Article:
So small, so smart and so blue already – tracing history. And why this color is not a misquote.
JBL’s classic, gigantic monitors are nothing less than icons in the studio and hi-fi world with their fluted paper cones, waveguides and – of course – blue baffles. The manufacturer has achieved something that other manufacturers are licking their fingers for. My curiosity was accordingly great when I was offered a small new home studio monitor to review. While the categorization of the compact active is a conglomerate of terms that seems to bite itself in the tail, my knowledge of the professional background of the manufacturer makes me hope for good things. So here they stand, the shockingly small JBL 4305P, and give me challenging looks from their small tweeter horns.
They represent a new species that didn’t even exist a short time ago and which is so hard to fit into the traditional hi-fi pigeonholes: A small loudspeaker with at least a partially professional claim and corresponding optical borrowings, at the same time suitable for the living room, as an active monitor defying the high-fidelity play instinct and which – thanks to an internal D/A converter and network compatibility – can really be fed from any conceivable source. At a price that can still be considered reasonably friendly, one wonders if all this can work out.
On closer inspection, the small JBL 4305P actually deliver what their blue front promises. A one inch compression driver lurks behind the classically shaped horn mouth, the inevitably somewhat smaller woofer is of course made of paper, and obviously, the embossed stiffening rings cannot be missing either. So far, so good. Inside the box, there is a high packing density of all the latest technology that the Harman Group has to offer, and right at the beginning of the inspection it causes great joy: Often, such active speakers are actually passive constructions, in which an internal mono amplifier drives a passive crossover. It looks active from the outside, but it’s not. Here, however, two specially configured Class D amplifiers take care of the two drivers and are fed by a DSP as a crossover. The crossover frequency of a good 1700 Hertz makes us curious how well the small JBL is able to handle voices.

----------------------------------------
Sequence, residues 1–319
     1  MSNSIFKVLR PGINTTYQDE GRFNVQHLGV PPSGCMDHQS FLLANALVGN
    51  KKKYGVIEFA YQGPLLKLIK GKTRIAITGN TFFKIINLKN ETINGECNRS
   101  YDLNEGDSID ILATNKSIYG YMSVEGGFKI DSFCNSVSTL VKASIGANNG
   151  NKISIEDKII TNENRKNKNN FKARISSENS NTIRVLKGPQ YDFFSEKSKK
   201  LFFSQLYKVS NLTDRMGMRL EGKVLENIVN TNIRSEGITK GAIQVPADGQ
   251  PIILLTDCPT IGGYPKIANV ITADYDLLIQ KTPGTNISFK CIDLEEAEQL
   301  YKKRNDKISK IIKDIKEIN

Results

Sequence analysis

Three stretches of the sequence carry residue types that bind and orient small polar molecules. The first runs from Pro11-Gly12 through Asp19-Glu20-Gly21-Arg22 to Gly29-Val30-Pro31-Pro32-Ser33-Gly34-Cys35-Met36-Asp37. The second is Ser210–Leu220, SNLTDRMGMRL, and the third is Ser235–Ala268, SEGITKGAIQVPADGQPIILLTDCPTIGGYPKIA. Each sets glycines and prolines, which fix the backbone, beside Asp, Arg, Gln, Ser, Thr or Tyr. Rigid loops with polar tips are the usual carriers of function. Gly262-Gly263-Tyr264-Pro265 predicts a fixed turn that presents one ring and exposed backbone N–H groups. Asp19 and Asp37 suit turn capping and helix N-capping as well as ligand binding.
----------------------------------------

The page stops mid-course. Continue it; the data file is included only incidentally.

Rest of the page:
On the rear, the two monitors are clearly different, there is a main speaker and a slave, which is connected via a CAT cable. Wireless is also possible, but then the data rates drop, and so we decided to stay with the cables. After all, the JBL 4305P should be able to present itself in the best possible way.
Turning to the main speaker, we learn what they mean at JBL when they tell you that this speaker can be “integrated into a great many environments”. Simply everything is possible. Quite conventionally, we can feed the JBL 4305P analog signals, XLR and 3.5 mm jack are present. If you want to get really nasty, you can even hook up your cell phone via mini-jack, but we didn’t try that out. There are limits to what we do. It continues with a digital (optical) Toslink input, which can be used to connect a CD drive, for example. Besides that, there is also a USB socket that gives computers access. Of course, there is also Ethernet access, but WLAN and Bluetooth are also possible. However, we are not at the end yet, because the small JBLs can also feed subwoofers via a corresponding output. You can also lower the bass via a small switch in case the speaker is placed on a shelf, and last but not least, you can decide whether the master speaker should be placed on the left or right. By the way, in the box you’ll really find everything you need to put these speakers into operation. All necessary cables and a remote control are on board.
First listening tests were done conventionally via XLR cables, my Crane Song preamp was the heart of the system, signals came from the Mark Levinson No. 390S and a Transrotor Apollon.